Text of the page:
A Q1 economic decline seems assured, and may be worse than the December quarter. Japan will bear the heaviest burden of travel restrictions on Chinese tourists, resulting in US$1.3 billion in lost tourism revenue in this March quarter, according to a preliminary forecast from the International Civil Aviation Organization, a United Nations agency. Thailand runs a narrow second, with US$1.2 billion in lost travel-related business due to the virus. Airlines will suffer US$4 billion to US$5 billion in lost revenue globally, the ICAO predicts.
A number of studies such as this 2014 McGill University research have shown that we remember bad news far better than good, the so-called "negativity bias." This has not really applied on the economic front this week in Asia, because there was only bad news. At least, that's what I recall.
Although Singapore raised its Q4 growth from 0.8% to 1%, the Lion City has cut its forecast for full-year growth. It may even turn negative, with Singapore citing a range of -0.5% to 1.5% for 2020.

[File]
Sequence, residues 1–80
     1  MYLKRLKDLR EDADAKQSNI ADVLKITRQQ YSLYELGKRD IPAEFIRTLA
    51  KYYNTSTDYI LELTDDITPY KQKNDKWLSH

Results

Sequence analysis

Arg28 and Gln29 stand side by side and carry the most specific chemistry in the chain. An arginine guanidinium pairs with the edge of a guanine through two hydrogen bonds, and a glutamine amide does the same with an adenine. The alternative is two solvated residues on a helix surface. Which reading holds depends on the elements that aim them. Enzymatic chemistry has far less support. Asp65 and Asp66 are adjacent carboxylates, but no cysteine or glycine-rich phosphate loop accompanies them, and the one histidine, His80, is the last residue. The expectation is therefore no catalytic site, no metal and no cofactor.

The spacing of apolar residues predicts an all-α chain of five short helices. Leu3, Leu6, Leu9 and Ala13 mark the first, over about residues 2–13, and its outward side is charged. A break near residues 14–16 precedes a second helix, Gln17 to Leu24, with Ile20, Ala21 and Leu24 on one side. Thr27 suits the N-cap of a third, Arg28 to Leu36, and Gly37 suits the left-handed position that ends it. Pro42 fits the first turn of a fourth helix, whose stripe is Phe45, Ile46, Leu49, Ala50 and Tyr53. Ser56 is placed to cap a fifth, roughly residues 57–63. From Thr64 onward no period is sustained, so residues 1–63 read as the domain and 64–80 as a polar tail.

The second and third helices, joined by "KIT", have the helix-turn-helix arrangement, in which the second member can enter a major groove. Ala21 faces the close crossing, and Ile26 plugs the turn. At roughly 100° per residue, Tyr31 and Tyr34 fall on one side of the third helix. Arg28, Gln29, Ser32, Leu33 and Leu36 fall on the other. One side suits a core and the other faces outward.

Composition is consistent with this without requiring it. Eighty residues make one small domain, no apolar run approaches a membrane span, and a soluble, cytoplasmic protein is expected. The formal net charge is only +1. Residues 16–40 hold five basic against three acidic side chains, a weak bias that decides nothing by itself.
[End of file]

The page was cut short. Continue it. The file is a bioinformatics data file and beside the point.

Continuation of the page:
Thailand, meanwhile, said its economy grew at the slowest rate for five years in 2019. It has forecast growth of 1.5% to 2.3% for this year, bracing for that US$1.2 billion tourism hit. South Korea will likely lower its forecast for 2020 growth, and Moody's has just slashed its own forecast for Korea from 2.1% to 1.9% due to Covid-19 concerns.
For Japan, the sales tax, a number of typhoons and the U.S. trade wars all hurt Q4 consumption. U.S. President Donald Trump has at times attacked Japan, particularly over auto sales, and the friction with China also disrupts many Japanese companies with operations there.
To make matters worse, Honda Motor (HMC) and Nissan Motor (NSANY) have large joint-venture auto factories in Wuhan, the center of China's car trade. Nissan is attempting to resume China production outside Hubei, but isn't sure when the Wuhan plant will resume.
Renault (RNLSY) and Peugeot-Citroen (PUGOY) also both have factories in Wuhan, as do the Chinese automakers SAIC Motor SH:600104, Dongfeng Motor Group (DNFGY) and Geely Automobile Holdings (GELYY) . Around them are thousands of suppliers and smaller autoparts manufacturers.
Nissan faces the greatest challenges. It is still contending with the fallout over fugitive ex-chairman Carlos Ghosn. The company last week posted its first quarterly loss for almost a decade, and cut its full-year profit forecast by 43%.